... and you still need to do the thing where you snap translations to texel size increments, like Alundra said.

Edited by osmanb

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... And after you get the bounding sphere method working, you'll realize that your light frustums are now VERY conservative, and wasting a lot of space. So, as a better solution, you can basically quantize the scale (size) of your light's ortho frustums... Compute the AABB like you were doing originally, then round the width and height of the frustum up to to the next nearest multiple of some value. (The actual value will depend on the scale of your world, and how much shimmer you can tolerate). This basically means that you only get the shimmer occasionally during camera rotation (when the AABB scale crosses the quantization threshold), but in exchange for that, you get tighter fitting bounds (which means higher effective shadow map resolution).

... and you still need to do the thing where you snap translations to texel size increments, like Alundra said.

this sounds great, I will try this, thank you! :)

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For our game Hardland I calculate smallest bounding box by just testing multiple different shadow camera rotations. This usually reduce triangle count a lot and increase effective resolution substantially.

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For our game Hardland I calculate smallest bounding box by just testing multiple different shadow camera rotations. This usually reduce triangle count a lot and increase effective resolution substantially.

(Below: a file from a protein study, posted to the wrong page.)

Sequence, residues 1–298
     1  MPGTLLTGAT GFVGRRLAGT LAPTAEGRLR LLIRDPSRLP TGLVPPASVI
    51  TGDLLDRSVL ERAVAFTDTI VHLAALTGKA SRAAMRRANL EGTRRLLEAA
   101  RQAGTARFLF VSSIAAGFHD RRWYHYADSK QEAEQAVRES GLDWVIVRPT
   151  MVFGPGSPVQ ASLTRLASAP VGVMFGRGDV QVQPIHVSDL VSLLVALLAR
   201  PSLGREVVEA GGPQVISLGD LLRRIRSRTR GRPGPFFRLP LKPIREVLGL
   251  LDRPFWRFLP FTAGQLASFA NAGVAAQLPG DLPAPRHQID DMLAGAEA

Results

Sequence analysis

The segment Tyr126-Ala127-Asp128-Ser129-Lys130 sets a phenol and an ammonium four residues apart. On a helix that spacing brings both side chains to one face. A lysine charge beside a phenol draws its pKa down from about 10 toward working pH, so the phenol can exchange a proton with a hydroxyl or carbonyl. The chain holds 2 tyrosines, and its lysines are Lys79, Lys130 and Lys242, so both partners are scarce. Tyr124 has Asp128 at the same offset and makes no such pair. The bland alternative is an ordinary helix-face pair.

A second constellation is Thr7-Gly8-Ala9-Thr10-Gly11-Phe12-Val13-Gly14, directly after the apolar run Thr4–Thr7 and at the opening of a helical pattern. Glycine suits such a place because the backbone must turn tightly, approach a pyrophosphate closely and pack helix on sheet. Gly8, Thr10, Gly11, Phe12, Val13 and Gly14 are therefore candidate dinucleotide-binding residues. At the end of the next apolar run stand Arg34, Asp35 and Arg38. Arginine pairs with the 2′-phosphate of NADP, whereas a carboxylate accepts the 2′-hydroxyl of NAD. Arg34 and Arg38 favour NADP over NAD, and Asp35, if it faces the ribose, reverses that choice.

Do you mean that you try rotating the light's camera around it's (local) forward vector? That's a good idea, actually - assuming that the result remains stable over multiple frames. I do what (I think) most people do, and pick an arbitrary/constant up vector for the shadow camera, but that does lead to waste, like you're saying. It seems like ultimately, you want your up vector to be based on the pitch of the view frustum? Not sure - there are quite a few different cases that might make a direct solution tricky, vs. your simple approach. Do you just test N quantized rotations?

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For our game Hardland I calculate smallest bounding box by just testing multiple different shadow camera rotations. This usually reduce triangle count a lot and increase effective resolution substantially.

Do you mean that you try rotating the light's camera around it's (local) forward vector? That's a good idea, actually - assuming that the result remains stable over multiple frames. I do what (I think) most people do, and pick an arbitrary/constant up vector for the shadow camera, but that does lead to waste, like you're saying. It seems like ultimately, you want your up vector to be based on the pitch of the view frustum? Not sure - there are quite a few different cases that might make a direct solution tricky, vs. your simple approach. Do you just test N quantized rotations?

To rotate cascaded based on camera rotation is called parallel split shadow maps. http://http.developer.nvidia.com/GPUGems3/gpugems3_ch10.html

Actually my method is always testing that rotation too. But it's not usually best rotation.